October 26th 2009
Seniors are worried they might have to choose between paying the rent or buying generic drugs in light of potential cuts to the Ontario Drug Benefit Program.
As reported in the Sun last week, the province has contracted a consultant for $750,000 to find ways of cutting costs by targeting “very unacceptable practices” in the professional allowance system of payments between generic drug companies and pharmacies.
The health ministry insists the changes are not meant to hurt the wallets of seniors and welfare recipients who use the plan, but some seniors advocacy groups are afraid they will.
“Sometimes, even now, they’re in the position: ‘Do I pay for the drugs or pay for the rent or eat?’ ” said Ken Cunningham, president of the United Senior Citizens of Ontario.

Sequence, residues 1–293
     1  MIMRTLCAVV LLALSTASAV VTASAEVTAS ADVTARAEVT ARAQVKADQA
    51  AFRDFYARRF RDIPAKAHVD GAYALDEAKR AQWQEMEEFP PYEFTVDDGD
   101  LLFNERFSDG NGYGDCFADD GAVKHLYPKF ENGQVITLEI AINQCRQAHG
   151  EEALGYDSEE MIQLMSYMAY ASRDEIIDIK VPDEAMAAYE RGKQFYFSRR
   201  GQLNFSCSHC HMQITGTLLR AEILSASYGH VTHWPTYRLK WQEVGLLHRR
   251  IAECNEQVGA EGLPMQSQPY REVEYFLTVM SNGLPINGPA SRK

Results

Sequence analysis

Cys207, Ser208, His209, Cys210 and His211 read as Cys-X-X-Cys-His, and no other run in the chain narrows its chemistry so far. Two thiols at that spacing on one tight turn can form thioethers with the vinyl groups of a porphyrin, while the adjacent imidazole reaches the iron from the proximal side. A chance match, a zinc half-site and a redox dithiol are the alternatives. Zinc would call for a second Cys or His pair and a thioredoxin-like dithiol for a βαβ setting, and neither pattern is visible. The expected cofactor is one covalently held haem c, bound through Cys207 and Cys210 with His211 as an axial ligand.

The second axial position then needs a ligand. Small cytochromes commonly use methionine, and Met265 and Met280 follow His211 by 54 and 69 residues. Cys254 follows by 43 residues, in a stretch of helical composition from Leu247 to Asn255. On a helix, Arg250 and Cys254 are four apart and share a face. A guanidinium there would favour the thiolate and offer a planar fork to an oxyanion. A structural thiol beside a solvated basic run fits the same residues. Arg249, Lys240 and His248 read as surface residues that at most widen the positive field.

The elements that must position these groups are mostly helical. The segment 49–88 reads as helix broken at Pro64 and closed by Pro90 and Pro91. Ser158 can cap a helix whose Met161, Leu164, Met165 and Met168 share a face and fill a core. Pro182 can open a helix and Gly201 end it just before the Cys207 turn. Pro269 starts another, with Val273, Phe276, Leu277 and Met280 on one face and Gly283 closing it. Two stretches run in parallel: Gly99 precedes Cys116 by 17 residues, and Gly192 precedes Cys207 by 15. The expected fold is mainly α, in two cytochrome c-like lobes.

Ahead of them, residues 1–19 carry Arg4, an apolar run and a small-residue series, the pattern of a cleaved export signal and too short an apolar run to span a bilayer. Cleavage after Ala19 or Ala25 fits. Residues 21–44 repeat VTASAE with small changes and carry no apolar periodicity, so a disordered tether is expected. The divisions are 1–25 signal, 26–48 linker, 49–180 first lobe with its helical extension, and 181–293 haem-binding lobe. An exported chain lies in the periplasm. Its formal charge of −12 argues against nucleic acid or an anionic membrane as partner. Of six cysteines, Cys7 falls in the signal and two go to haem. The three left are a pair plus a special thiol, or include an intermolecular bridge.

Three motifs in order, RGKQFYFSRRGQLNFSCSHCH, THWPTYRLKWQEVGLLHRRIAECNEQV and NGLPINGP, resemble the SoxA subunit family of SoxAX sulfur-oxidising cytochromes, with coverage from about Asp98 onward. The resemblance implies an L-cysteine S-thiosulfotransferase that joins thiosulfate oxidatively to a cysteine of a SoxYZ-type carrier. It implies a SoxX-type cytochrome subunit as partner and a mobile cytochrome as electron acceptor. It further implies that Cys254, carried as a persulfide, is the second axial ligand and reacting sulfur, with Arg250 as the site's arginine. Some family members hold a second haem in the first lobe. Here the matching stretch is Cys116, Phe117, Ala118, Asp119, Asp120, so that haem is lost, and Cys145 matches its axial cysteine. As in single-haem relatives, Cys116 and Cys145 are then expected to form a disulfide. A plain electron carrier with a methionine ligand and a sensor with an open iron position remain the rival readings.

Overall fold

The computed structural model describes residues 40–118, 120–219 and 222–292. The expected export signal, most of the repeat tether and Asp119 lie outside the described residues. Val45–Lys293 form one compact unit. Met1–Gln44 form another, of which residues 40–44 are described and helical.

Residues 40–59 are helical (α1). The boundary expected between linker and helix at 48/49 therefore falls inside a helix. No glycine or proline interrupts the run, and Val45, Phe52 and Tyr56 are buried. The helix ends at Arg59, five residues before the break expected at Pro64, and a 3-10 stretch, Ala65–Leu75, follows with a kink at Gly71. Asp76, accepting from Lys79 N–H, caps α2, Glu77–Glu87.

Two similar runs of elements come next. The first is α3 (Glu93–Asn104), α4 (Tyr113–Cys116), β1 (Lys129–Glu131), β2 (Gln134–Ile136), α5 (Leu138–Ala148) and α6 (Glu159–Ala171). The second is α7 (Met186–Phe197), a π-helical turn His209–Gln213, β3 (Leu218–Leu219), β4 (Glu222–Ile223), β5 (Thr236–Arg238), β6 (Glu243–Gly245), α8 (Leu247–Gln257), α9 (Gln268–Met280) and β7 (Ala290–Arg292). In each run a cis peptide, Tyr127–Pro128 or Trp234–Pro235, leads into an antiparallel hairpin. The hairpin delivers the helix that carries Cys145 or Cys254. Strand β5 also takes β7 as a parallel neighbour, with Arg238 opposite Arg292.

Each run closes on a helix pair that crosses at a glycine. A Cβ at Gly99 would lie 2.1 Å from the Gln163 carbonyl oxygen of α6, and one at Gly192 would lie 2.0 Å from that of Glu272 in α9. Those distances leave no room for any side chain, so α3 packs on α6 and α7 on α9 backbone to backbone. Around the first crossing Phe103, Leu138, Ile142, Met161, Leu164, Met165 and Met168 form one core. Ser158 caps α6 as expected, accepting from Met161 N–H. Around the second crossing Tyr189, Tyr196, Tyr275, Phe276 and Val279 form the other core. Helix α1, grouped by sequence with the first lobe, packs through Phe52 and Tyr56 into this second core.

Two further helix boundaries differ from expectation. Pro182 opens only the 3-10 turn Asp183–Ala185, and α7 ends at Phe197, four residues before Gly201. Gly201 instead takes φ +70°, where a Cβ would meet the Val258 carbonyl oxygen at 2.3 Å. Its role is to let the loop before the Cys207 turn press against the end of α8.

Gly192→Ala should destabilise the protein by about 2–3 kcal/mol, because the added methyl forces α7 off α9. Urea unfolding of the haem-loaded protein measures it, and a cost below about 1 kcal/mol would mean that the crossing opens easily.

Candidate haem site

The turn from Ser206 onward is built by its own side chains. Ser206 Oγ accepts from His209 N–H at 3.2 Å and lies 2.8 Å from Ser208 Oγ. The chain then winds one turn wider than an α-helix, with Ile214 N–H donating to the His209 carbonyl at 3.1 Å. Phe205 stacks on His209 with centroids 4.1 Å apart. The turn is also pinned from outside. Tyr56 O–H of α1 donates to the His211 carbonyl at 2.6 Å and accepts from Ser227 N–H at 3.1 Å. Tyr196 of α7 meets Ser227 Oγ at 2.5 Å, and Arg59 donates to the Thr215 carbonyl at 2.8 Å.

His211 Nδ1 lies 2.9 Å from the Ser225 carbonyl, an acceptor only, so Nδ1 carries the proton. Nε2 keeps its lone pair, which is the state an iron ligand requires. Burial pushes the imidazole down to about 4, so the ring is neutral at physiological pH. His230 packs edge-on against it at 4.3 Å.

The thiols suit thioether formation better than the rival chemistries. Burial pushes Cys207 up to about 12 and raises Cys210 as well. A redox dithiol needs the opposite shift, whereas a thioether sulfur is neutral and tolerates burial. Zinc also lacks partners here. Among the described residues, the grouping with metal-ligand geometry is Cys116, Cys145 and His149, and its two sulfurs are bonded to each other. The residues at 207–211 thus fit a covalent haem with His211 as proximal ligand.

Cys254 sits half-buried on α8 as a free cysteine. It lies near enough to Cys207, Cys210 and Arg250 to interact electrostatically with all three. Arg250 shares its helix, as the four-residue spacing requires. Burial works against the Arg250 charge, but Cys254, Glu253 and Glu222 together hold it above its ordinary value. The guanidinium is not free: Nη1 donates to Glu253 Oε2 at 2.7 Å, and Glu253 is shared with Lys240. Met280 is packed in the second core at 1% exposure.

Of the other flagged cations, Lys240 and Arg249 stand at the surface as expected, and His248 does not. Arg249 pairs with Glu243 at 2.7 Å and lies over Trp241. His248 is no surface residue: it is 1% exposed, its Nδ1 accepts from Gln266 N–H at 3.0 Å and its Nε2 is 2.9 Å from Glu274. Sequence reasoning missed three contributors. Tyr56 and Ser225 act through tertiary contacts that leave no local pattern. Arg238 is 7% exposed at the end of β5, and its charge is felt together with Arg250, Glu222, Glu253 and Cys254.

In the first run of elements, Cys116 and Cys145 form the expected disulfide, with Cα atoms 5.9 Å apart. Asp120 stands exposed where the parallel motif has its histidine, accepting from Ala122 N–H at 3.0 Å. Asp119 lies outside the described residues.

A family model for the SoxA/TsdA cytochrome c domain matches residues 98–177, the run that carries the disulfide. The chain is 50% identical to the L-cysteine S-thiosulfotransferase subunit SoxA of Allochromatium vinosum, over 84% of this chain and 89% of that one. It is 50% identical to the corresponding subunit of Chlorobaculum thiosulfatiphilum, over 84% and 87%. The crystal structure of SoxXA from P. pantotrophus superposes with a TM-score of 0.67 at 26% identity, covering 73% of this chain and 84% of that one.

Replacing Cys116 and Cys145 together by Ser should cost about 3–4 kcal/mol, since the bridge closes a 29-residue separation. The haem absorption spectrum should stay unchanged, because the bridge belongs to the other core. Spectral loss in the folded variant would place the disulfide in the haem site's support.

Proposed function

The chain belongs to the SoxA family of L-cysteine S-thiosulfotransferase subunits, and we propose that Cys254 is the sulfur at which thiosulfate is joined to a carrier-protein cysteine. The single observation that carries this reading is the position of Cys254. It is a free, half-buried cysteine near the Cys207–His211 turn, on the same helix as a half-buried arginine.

“This just may add one more thing to the equation.”
Cunningham said some of his members have been writing letters to their local MPPs demanding a refund of the $100 deductible seniors are required to pay up front at the start of each August because they feel it’s too expensive, especially if the list of drugs could potentially shrink.
“We’ve been trying to get some of the money we’re already paying cancelled,” he said.
“You pay $100 upfront each year for nothing. Sometimes you wonder if (low-income seniors) are taken into consideration or not.”
The government hasn’t announced what the changes are to the drug program, but the announcement is expected in the coming weeks.
Susan Eng, vice-president of advocacy for CARP, expressed concern that the government might contain costs by cutting back on the availability of some necessary drugs and by failing to include new ones in the plan.
“I think that would be wrong,” Eng said yesterday.
“The way they choose to list these drugs has to be more transparent. Trying to get generics is a good idea because we do pay more to get generics in Canada than they do in the U.S.”
Keywords: drugs, costs